A few weeks ago my wife pointed out that my blog doesn't have any stories in it before my paramedic internship started. For good reason. She started it for me as a way to document my internship and to share some of my stories with my family. I've since taken it over (cue evil laughter). So every once in a while I'm going to start sharing stories of when I was an EMT. This one comes from my clinical rotation during medic school.
I walked into one of the busiest trauma centers in Los Angeles county (and probably the world). It was my very first shift as a paramedic intern. I had to put in 240 hours in the ER and do several rotations through other specialties (OR, OB, Peds...). I was assigned to an RN and was basically told that I would be assisting her the entire shift. She gave me a quick tour of the ER and then showed me where the supplies were that I might be using. She then tossed me into the proverbial water so I could learn how to swim. She asked me to go start an IV on the woman in bed 23.
Up until this point all of my IV starts had been on mannequins. Not the ones you see in the department stores. These had simulated veins and were supposed to prepare us pretty well for the real thing. Most paramedic programs have you practice on each other (which seems like some breach of the 8th amendment) but ours didn't citing that their insurance wouldn't let them. I didn't complain while I was in class but now that I was about to start my first IV and it was on an actual patient I wasn't very happy about it.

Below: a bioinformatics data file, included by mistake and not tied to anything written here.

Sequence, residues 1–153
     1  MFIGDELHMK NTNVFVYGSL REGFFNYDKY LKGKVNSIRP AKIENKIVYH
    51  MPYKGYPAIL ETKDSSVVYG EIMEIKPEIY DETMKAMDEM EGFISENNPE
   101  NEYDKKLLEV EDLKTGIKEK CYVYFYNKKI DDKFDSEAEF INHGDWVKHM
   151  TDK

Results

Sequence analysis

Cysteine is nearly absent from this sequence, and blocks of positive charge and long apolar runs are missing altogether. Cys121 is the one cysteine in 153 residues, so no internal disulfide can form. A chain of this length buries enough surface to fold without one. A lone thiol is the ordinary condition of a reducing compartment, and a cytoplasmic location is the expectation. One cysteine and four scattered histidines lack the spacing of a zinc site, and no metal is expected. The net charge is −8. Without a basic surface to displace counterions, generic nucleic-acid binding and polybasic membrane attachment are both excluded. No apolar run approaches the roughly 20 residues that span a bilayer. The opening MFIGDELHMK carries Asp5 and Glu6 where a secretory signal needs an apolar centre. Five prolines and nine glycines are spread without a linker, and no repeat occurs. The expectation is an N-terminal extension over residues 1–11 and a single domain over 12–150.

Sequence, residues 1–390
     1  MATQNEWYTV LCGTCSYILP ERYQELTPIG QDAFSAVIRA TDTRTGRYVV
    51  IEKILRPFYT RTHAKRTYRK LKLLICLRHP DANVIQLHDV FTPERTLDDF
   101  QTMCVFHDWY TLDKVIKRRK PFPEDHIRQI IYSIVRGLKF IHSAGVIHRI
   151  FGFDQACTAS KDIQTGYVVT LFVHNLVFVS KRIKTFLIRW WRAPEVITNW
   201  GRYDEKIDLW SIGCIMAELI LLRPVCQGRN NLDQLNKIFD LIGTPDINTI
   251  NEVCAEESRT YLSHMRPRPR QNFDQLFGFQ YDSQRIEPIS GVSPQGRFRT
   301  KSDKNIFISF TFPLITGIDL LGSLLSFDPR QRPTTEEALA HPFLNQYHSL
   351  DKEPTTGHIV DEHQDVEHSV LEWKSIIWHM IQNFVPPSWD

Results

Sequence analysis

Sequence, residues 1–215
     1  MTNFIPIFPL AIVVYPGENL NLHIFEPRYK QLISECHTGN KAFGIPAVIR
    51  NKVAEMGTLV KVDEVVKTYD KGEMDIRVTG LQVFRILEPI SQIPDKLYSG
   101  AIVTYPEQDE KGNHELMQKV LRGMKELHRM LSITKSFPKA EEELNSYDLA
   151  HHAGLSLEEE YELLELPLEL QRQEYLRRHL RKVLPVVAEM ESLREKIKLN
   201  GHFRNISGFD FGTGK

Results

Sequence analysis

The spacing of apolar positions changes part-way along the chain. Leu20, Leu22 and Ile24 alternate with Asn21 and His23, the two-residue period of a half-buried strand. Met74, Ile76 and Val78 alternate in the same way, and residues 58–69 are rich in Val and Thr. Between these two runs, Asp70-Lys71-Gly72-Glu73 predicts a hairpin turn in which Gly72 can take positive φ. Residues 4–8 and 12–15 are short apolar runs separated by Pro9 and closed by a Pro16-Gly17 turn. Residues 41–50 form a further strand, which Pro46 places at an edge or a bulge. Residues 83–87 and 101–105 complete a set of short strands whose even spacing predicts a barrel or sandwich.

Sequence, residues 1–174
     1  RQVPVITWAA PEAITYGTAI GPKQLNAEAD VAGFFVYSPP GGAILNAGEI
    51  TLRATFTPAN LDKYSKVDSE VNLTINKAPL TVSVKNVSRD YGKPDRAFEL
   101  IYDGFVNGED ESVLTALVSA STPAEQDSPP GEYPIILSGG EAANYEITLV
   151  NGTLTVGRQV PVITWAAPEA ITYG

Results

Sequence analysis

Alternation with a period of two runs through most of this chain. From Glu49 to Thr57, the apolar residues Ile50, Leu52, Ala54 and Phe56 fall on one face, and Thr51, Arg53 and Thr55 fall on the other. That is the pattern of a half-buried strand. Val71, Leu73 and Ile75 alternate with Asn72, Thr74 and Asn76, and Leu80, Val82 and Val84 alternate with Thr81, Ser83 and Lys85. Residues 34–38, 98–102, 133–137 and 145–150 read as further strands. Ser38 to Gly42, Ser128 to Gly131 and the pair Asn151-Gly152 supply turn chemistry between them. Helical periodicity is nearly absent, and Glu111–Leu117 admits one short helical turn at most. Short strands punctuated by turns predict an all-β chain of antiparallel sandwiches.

I was a nervous wreck. I went to the supply room and slowly gathered everything that I thought I'd need including lots of 4x4's. I then stalled by double checking that I had everything. I was mildly freaking out.
As I walked up to bed 23 I noticed that my patient was a black woman, in her 50's and she was overweight. Quite a bit overweight. I walked up to her side, introduced myself and confidently told her that I was there to start her IV. She could obviously tell that I was anxious because she informed me that she had been a heroine addict for 30 years so needles didn't bother one bit.
I fumbled around and got the tourniquet on her arm. I then went to the antecubital spot on her right arm and started searching, in vain, for a vein. I then tore open the alcohol wipe and proceeded to wipe down the area hoping that a blood vessel would magically pop up.
It was then that my patient did it. She grabbed my hand, the one with the needle in it, and said that I had to get in there and just dig around. As she was telling me this she forced me to plunge the needle into her arm. She then started moving it around deeper and deeper as if the vein were hiding behind her bones. After what seemed like an eternity she stopped and directed me to the other arm. The scenario played out the same with no luck starting the IV.
By now I was sweaty, pale and defeated. I went and found my RN and told her that I was unable to start the IV. The only thing that makes the whole experience sting a little less is that 3 nurses could start the IV either. Eventually the MD had to come in and do a surgical cut down to get vascular access.